Eventually, you have to decide how your open source software is going to make money, and your partners probably won’t like it. That’s what the dust-up around Docker is this week, it seems to us. We also talk briefly about VMware’s big conference this week, and rumors of HPE selling off it’s Software group to private equity.
Check out the full show notes for links to the recommendations, conferences, and tech news items we didn’t get to cover: https://cote.io/sdt71
I have a discount code for Operability.IO, September 19th and 20th in London. I hear good things about this conference; check out their talks from last year. It has a good list of speakers, including our very own Casey West. You can 10% off registration if you use the code COTEMEMOOIO16.
Nippers – “Nippers learn about safety at the beach. They learn about dangers such as rocks, and animals (e.g. the blue-ringed octopus), and also about surf conditions, such as rip currents, sandbars, and waves. Older Nippers also learn some basic first aid and may also learn CPR when they reach the age of 13.”
Docker Inc. doesn’t want to be a commoditized building block From a Red Hat person: “The conflict started to escalate earlier this summer, when Docker Inc used its controlling position to push Swarm, it’s own clone of Kubernetes-style container orchestration, into the core Docker project, putting the basic container runtime in a conflict with a notable part of its ecosystem. Docker Inc. then went on to essentially accuse Red Hat of forking Docker – at the Red Hat Summit no less. After that, Docker Inc’s Solomon Hykes came out strongly against the efforts to standardize the container runtime in OCI – an initiative his company co-founded.”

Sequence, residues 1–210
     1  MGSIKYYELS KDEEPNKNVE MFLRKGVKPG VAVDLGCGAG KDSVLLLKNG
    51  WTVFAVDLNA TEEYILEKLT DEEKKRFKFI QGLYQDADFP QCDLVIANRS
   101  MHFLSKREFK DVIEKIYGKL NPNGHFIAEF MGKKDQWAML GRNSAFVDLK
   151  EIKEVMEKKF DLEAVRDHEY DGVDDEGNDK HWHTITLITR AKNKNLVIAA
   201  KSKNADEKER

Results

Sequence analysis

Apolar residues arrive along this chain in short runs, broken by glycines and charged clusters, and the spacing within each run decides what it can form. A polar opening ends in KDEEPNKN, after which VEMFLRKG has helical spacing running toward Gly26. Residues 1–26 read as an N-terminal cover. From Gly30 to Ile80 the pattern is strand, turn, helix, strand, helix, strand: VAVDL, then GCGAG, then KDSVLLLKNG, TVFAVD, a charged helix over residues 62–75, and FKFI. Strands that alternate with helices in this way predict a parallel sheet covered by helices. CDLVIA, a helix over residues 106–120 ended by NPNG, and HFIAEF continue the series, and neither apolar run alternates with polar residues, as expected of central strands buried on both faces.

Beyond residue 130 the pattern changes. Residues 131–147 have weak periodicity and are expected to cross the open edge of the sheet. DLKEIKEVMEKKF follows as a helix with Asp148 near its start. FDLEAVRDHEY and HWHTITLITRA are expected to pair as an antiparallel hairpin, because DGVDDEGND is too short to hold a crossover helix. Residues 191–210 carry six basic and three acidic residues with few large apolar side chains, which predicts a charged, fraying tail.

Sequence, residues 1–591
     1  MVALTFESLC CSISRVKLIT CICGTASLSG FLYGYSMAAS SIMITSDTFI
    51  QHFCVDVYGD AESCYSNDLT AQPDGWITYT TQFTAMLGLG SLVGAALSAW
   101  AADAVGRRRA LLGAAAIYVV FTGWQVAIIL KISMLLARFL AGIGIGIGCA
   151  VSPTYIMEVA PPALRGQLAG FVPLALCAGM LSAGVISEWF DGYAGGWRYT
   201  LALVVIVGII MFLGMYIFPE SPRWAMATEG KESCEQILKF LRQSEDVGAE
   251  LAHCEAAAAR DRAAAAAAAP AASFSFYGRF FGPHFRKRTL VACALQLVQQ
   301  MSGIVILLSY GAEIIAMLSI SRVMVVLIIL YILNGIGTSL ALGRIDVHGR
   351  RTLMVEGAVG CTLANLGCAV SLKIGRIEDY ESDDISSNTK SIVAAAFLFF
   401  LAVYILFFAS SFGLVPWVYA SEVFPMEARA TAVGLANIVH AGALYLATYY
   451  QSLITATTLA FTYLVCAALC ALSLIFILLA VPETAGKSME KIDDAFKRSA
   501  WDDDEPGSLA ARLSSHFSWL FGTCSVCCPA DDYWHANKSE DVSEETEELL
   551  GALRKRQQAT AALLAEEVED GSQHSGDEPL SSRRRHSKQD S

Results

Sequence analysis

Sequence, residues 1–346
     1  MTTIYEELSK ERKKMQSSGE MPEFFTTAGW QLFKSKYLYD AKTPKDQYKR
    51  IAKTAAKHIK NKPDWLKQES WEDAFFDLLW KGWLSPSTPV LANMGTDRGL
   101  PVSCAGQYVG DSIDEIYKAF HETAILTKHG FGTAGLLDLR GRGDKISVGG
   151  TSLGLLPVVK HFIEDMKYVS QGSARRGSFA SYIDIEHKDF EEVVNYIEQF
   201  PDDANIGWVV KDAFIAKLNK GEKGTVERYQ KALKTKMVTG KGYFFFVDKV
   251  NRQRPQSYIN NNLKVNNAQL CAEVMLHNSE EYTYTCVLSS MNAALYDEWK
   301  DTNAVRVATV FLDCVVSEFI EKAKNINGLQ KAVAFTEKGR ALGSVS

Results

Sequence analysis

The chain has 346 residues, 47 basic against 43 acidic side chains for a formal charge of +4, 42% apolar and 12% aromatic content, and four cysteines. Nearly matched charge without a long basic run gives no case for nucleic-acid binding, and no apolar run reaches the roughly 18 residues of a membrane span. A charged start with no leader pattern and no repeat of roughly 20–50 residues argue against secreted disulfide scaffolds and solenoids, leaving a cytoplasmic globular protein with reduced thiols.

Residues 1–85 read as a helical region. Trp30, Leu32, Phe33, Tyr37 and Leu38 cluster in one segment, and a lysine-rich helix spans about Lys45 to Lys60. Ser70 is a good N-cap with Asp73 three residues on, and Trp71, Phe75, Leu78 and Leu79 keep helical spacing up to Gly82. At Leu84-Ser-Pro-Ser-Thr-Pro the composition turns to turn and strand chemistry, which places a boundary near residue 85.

A fight over where to draw the line between free/open/commodified and costs/proprietary/competitive: “And while I personally consider the orchestration layer the key to the container paradigm, the right approach here is to keep the orchestration separate from the core container runtime standardization. This avoids conflicts between different layers of the container runtime: we can agree on the common container package format, transport, and execution model without limiting choice between e.g. Kubernetes, Mesos, Swarm.”
Don’t bring a pistol to a bazooka fight. Enterprises love RHEL – have you ever tried to sell Ubuntu into organizations? It’s like what selling NT must have been like.
This week we discuss Rackspace going private and the OpenStack cloud scenarios that could have been. We also cover Matt Ray’s first trip to New Zealand where, sadly, he finds no Power Ranger monuments. Also, a little bi-modal flavor for ya.
Check out the full show notes (https://cote.io/sdt70) for links to the recommendations, conferences, and tech news items we didn’t get to cover.
“MSPs need to work with customers to convert their infrastructure to Platform-as-a-Service using microservices architecture,” said one AWS partner. “They also need to bring DevOps into the heart of the organization. Unfortunately, most MSPs don’t have the developers that truly understand this.”
“Few AWS Partners Are Really Surprised By Sentinel’s Emergence“